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Cardiovascular Disease: Labs, Risk Factors, and Prevention.

1/5/2018 | EnFuse Institute For Learning
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Category: Health & Wellness




Cardiovascular Disease:  Labs, Risk Factors, and Prevention.

Analysis of a blood sample can provide important information regarding our heart health and there are a number of different tests clinicians use to assess a patient's CVD risk. While the standard lipid panel is helpful, digging deeper into your physiology can further guide prevention and treatment strategies.

A list of unconventional labs to consider:

Lp(a) is a blood protein associated with higher risk of heart attack and stroke. If Lp(a) is elevated, it is critical to have LDL cholesterol at an optimal level. Lp(a) is higher in African Americans.

Apo A1 is a major protein of HDL. Low levels are associated with increased risk of cardiovascular disease. Reducing visceral body fat and increasing
exercise can increase levels of Apo A1.

Apo B is a major protein found in cholesterol particles. There is an emerging hypothesis that Apo B may be a better overall marker of risk than LDL alone.

LpPLA2 is an enzyme associated with inflammation of the vessel walls as well as stroke and heart attack risk.

Homocysteine is an amino acid, which in high concentrations has been associated with an increased risk of heart attack and stroke, contributing to plaque formation by damaging the arterial walls.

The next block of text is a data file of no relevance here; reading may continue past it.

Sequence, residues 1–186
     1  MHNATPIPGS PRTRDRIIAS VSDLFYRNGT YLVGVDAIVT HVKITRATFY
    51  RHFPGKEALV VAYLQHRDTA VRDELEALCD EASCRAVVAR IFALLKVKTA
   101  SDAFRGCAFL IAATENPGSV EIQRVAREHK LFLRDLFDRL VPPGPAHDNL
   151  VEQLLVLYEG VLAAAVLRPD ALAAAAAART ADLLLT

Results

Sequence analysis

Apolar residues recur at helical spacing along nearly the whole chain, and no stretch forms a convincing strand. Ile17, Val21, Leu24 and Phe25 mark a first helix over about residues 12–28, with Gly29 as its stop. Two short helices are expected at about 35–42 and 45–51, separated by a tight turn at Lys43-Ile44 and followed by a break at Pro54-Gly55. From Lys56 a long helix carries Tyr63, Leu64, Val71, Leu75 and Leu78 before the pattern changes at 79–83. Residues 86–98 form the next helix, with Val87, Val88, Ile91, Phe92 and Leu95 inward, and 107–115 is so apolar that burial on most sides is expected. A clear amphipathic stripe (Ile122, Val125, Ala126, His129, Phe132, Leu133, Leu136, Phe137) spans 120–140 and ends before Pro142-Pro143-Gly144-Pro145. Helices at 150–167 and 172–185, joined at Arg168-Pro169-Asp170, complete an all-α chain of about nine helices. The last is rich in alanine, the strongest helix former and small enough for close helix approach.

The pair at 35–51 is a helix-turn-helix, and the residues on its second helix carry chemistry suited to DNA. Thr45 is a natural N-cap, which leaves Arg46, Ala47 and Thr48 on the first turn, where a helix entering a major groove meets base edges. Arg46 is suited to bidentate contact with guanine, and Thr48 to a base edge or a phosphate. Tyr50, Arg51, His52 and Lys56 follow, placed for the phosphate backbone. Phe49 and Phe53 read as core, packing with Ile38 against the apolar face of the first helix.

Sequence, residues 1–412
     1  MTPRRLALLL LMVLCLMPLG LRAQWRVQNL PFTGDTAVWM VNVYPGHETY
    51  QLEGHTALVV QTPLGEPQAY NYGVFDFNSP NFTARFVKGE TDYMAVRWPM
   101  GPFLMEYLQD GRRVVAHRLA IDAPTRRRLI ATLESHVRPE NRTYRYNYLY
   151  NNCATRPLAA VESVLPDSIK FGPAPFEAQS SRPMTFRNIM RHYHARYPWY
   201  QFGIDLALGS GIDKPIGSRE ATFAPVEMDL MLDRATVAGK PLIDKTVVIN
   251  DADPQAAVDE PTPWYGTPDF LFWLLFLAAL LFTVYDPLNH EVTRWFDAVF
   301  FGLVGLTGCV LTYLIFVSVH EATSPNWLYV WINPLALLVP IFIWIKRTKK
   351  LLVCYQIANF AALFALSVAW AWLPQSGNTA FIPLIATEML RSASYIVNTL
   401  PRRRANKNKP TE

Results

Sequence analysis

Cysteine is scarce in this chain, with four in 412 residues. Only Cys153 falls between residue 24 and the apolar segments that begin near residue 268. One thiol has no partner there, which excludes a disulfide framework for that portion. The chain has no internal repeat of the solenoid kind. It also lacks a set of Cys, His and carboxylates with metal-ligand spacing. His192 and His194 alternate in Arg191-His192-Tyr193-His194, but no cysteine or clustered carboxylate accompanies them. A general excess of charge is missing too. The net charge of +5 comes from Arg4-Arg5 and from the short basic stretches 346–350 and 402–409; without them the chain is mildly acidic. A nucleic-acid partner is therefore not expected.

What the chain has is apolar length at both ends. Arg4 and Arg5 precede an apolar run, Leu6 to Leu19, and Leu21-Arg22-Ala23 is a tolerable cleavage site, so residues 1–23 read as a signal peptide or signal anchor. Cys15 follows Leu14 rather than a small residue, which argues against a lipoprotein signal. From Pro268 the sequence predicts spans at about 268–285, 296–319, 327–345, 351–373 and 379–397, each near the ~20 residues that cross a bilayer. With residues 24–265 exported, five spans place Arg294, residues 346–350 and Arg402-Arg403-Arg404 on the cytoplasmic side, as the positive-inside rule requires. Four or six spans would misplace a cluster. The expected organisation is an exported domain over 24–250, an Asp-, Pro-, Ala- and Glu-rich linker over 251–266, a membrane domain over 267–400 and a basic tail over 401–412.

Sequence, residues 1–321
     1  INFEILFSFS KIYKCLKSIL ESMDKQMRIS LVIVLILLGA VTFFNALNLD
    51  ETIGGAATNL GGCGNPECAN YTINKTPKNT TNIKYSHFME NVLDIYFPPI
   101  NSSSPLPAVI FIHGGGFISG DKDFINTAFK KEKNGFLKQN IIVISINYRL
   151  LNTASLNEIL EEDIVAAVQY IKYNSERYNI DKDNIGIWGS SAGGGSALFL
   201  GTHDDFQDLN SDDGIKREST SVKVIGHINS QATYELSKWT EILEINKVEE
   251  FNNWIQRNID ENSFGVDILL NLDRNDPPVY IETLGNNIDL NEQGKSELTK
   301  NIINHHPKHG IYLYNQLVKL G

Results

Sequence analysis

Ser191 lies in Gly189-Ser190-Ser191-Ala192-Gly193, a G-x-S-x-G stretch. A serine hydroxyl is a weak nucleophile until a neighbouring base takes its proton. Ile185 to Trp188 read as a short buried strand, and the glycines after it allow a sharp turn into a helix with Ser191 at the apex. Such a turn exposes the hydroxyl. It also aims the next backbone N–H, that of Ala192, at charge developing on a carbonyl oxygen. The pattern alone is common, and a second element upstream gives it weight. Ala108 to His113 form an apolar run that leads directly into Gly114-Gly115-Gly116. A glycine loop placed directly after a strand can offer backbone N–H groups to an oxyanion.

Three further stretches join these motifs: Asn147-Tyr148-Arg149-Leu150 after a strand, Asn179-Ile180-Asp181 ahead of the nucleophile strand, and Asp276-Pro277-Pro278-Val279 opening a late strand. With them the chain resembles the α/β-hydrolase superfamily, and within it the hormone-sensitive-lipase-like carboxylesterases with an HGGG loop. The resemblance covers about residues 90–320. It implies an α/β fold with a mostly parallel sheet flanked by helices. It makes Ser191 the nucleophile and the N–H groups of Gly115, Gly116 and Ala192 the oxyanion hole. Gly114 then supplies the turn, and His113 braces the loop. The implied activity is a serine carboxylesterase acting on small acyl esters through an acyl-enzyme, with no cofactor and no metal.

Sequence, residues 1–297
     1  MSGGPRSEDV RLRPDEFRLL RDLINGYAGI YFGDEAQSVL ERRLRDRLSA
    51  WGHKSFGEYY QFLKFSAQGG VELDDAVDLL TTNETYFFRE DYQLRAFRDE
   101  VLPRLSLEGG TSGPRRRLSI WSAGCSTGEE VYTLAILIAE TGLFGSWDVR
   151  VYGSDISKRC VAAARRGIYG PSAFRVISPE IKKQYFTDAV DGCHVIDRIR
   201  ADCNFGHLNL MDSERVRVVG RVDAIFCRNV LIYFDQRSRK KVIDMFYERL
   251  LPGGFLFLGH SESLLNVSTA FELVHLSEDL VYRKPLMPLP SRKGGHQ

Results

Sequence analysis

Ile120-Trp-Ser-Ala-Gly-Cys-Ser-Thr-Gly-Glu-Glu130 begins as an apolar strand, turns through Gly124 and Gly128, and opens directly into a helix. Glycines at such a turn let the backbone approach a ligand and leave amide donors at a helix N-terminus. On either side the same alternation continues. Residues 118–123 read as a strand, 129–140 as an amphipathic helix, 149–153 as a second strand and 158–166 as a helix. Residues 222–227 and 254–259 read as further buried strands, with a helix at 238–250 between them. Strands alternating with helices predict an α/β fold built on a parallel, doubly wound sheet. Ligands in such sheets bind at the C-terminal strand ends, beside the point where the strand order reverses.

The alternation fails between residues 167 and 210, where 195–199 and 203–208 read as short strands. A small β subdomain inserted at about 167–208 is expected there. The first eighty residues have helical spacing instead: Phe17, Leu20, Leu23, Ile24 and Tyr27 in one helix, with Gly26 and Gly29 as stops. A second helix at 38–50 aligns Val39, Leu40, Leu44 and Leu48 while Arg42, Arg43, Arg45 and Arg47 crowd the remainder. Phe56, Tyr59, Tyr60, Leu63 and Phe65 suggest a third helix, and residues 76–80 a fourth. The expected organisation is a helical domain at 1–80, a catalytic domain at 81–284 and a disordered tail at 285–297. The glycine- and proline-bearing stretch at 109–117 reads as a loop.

Additional Considerations:

Sleep Study: Research has found a strong link between sleep apnea and high blood pressure, arrhythmia, heart attack, and cardiovascular disease.
Furthermore, studies show that when treated for sleep apnea, the risk of heart disease drops significantly. 11,12

Estrogen/Progesterone: Studies have shown that estrogen affects almost every tissue or organ system, including the heart and blood vessels.
Estrogen's known effects on the cardiovascular system include a mix of positive and negative. Progesterone is not only anti-atherogenic but also protects against coronary artery spasm.

Nutrient testing: Research has shown that nearly half of those taking multivitamins are still deficient. Vitamin, mineral and antioxidant deficiencies contribute to heart disease risk and progression.

Take Action Now

Managing your own health care and achieving your goal health status is largely in your control. Equally, improving your fitness and optimizing your nutrition doesn't require obsession over fad diets or exhaustion from irrational workouts.

Here are some strategies you can start implementing now:

Don't Smoke